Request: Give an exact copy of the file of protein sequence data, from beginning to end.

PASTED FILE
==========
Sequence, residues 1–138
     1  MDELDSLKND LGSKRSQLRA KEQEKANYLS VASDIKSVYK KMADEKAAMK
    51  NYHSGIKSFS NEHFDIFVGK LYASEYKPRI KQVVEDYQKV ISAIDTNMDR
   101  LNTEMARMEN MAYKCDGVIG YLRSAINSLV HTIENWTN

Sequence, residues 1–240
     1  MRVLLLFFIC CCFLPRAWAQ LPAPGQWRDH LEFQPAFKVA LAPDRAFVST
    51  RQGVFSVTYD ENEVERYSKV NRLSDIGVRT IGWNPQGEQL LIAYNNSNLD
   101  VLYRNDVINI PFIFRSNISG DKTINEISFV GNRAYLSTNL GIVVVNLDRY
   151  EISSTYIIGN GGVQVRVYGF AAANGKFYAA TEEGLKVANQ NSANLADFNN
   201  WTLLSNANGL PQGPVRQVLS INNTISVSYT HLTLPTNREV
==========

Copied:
Sequence, residues 1–138
     1  MDELDSLKND LGSKRSQLRA KEQEKANYLS VASDIKSVYK KMADEKAAMK
    51  NYHSGIKSFS NEHFDIFVGK LYASEYKPRI KQVVEDYQKV ISAIDTNMDR
   101  LNTEMARMEN MAYKCDGVIG YLRSAINSLV HTIENWTN

Sequence, residues 1–240
     1  MRVLLLFFIC CCFLPRAWAQ LPAPGQWRDH LEFQPAFKVA LAPDRAFVST
    51  RQGVFSVTYD ENEVERYSKV NRLSDIGVRT IGWNPQGEQL LIAYNNSNLD
   101  VLYRNDVINI PFIFRSNISG DKTINEISFV GNRAYLSTNL GIVVVNLDRY
   151  EISSTYIIGN GGVQVRVYGF AAANGKFYAA TEEGLKVANQ NSANLADFNN
   201  WTLLSNANGL PQGPVRQVLS INNTISVSYT HLTLPTNREV